It's also just a terrible idea for a TV channel.
Tamara Ecclestone and family (All images courtesy of ITVBe)
Pining for a show in which Tamara Ecclestone confuses plain sliced bread for toast? Good news, ladies, the fabulous world of ITVBe - telly's equivalent of Blossom Hill rosé - is here to strip your brain like a chicken carcass!
The new channel, which Peter Andre and Jamelia launched with much fanfare on Wednesday night, is aimed at "young women and housewives with kids", according to Peter Fincham, Director of Television at the channel. That roughly translates to a timetable stuffed to the gills with The Only Way Is Essex and reality shows populated by wealthy women in shoes that cost more than your rent.
What does this say about what TV execs really think of women? Why can't we keep TV shows mixed together and struggle through our opposite-sex partners' and friends' viewing choices?
It's impossible not to contrast ITVBe with "man" TV channel Dave, which launched in 2007. "Everyone knows a bloke called Dave" was the channel's rallying cry. It prides itself on flagship programmes such as the fiesta of wooden jewellery and bad denim that is Top Gear, a bunch of laugh-free comedy panel shows and even Red Dwarf (which absolutely no one has enjoyed since 1998). But to give Dave some credit, at least they think their audience is interested in facts, current events and, y'know, laughing.
The idea of ITVBe further splitting up heterosexual couples across the country so he can watch Clarkson and she can watch TOWIE's Ricky Rayment is vaguely upsetting. Especially as a quarter of man-woman couples apparently already spend the evening apart to watch "their" programmes.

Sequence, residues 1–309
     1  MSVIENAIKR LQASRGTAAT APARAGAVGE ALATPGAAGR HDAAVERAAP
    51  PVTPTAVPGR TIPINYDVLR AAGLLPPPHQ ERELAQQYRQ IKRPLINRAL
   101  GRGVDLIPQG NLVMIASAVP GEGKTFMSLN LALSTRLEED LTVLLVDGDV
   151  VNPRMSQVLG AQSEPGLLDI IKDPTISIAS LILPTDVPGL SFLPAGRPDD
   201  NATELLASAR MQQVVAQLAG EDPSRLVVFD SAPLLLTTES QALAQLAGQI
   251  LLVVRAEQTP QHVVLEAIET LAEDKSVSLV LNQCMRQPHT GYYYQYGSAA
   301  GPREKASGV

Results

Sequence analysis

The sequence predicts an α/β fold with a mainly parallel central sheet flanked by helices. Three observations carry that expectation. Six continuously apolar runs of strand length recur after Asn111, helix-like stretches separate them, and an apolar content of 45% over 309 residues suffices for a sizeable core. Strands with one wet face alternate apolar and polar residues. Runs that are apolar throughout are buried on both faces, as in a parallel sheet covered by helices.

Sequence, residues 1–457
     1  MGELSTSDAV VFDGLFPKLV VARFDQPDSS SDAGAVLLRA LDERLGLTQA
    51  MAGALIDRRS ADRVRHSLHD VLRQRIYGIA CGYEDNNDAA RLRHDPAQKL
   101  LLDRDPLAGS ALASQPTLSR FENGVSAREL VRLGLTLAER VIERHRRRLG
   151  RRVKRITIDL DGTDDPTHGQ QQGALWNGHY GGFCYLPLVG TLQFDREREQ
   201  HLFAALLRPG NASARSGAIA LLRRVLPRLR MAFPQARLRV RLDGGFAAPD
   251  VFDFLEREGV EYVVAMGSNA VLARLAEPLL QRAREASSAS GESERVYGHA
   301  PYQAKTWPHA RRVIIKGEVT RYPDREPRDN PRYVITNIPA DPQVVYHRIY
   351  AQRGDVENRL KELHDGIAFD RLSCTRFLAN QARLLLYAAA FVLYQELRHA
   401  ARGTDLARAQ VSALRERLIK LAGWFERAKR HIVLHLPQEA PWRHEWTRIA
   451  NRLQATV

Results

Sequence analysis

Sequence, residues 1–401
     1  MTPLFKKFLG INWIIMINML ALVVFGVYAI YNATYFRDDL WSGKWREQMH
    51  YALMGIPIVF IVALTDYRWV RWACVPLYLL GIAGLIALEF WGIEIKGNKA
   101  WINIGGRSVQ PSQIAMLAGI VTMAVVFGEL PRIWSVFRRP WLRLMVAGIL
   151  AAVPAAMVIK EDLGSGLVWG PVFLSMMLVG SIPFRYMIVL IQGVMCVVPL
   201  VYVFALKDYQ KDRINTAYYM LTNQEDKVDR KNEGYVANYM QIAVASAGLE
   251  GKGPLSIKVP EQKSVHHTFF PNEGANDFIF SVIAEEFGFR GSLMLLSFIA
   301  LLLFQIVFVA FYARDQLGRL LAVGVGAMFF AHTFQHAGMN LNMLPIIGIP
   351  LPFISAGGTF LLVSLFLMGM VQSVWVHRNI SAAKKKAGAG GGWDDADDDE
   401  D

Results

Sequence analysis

Some of the TOWIE cast.
Imagine a Britain where a penises-in-one-room-and-vaginas-in-the-other telly apartheid is officially enforced. A nation of couples in detached new-builds, sitting on identical leather sofas in separate rooms, not talking, just watching what their respective gender is getting up to. Him fantasising about driving a Corsa through the Kalahari. Her watching Gemma Collins having a right old laugh with the girls.
It makes you wonder, does everyone who works in TV think that there's really such a huge gulf between what a female viewer and a male viewer wants? The Thick of It screenwriter Ian Martin doesn't.
"I wish them luck, in a sneery, ironic way," he says. "It just seems so fundamentally old-fashioned. Is Great British Bake Off 'ladies' TV'? Is Strictly Come Dancing? Is Doctor Who? I have no idea. It would be quite a depressing thought to be asked to write 'for women', like there are cultural receptors in ovaries. Fuck that, frankly."
What do you think "men's" TV is, then? Cars, birds and footie? "Yes, and all of them being over-revved and covered in mud. With maybe five minutes on personal grooming for the sort of guy confident enough to put the emphasis on the first syllable of 'clitoris'?"